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Preferences for wealth taxation: Design, framing and the role of partisanship

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  • Chirvi, Malte
  • Schneider, Cornelius

Abstract

Empirical literature on preferences for wealth taxation almost exclusively focuses on either the emotionally loaded estate tax or rather general concepts of redistributive preferences. Yet, it remains unclear whether the exceptional opposition towards the estate tax is applicable to other instruments of net wealth taxation. This study presents, to our knowledge, the first investigation of how individuals want to tax wealth - across a variety of tangible wealth tax instruments. In doing so, we particularly test for the presence of framing effects, incidence concentration and the role of wealth characteristics within the different tax configurations. For this, we conducted a factorial vignette survey experiment with over 3,200 respondents on Amazon's Mechanical Turk (MTurk). Each respondent was randomized into one of four burden-equivalent wealth tax instruments: an estate tax, a one-time wealth tax, a decennial wealth tax or a yearly wealth tax. Subsequently we asked each respondent to state her preferred overall lifetime tax burden for a set of hypothetical individuals. Our findings yield several interesting insights. First, we find that the exceptional opposition towards the estate tax is not applicable to other instruments of wealth taxation and is only valid for certain subgroups. In general, our empirical findings provide preferred tax rates between 12.8 to 14.9 percent of overall lifetime tax burden. Second, we document an exceptional opposition towards the mere name "estate tax" in relation to equivalent wealth tax instruments for certain subgroups. Republicans particularly reject the estate tax with a lower proposed effective tax rate of around 3.1 percentage points compared to all other wealth taxes - even the perfectly congruent one-time wealth tax. Third, we uncover the influence of normative preferences for specific design features on the support for a wealth tax. Proposed effective tax rates of the estate tax and the one-time wealth tax show a significant progressivity, whereas no progressivity can be observed for both periodical taxes. The presence of children has an especially significant negative effect in one-off wealth taxes at the end of the lifetime.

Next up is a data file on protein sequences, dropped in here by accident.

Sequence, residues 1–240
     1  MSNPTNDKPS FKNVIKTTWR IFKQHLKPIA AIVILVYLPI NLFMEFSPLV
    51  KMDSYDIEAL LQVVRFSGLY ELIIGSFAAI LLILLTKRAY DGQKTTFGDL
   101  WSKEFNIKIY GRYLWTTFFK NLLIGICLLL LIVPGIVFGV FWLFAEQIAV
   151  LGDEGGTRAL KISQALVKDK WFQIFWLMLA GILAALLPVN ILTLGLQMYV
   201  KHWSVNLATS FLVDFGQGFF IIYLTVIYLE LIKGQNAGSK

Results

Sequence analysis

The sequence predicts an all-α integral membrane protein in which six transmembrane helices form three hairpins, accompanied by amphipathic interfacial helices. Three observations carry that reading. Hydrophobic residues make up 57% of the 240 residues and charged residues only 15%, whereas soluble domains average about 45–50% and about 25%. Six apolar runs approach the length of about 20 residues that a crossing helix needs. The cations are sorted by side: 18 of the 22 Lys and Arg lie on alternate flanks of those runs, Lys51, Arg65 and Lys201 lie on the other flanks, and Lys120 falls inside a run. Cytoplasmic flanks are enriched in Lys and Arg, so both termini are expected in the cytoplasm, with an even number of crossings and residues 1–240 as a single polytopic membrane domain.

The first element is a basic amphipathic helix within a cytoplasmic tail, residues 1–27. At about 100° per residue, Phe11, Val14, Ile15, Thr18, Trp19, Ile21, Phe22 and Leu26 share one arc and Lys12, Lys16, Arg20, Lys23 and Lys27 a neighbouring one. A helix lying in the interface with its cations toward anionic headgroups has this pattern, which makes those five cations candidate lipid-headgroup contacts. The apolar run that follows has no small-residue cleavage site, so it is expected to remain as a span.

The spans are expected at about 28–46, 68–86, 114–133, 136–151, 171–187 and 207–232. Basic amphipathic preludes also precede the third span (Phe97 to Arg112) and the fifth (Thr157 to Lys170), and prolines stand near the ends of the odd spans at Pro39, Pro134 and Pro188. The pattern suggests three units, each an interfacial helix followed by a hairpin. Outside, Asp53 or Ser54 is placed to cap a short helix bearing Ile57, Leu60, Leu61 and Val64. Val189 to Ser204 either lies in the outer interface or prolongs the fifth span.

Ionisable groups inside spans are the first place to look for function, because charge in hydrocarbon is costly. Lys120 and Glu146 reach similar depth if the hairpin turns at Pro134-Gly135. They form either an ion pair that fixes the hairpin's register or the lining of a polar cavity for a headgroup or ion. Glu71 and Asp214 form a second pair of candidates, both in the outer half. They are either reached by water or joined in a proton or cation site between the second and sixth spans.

Suggested Citation

  • Chirvi, Malte & Schneider, Cornelius, 2020. "Preferences for wealth taxation: Design, framing and the role of partisanship," arqus Discussion Papers in Quantitative Tax Research 260, arqus - Arbeitskreis Quantitative Steuerlehre.
  • Handle: RePEc:zbw:arqudp:260
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    More about this item

    Keywords

    Wealth taxation; Preferences for taxation; Misinformation; Randomized experiment;
    All these keywords.

    JEL classification:

    • C90 - Mathematical and Quantitative Methods - - Design of Experiments - - - General
    • D31 - Microeconomics - - Distribution - - - Personal Income and Wealth Distribution
    • D72 - Microeconomics - - Analysis of Collective Decision-Making - - - Political Processes: Rent-seeking, Lobbying, Elections, Legislatures, and Voting Behavior
    • H2 - Public Economics - - Taxation, Subsidies, and Revenue

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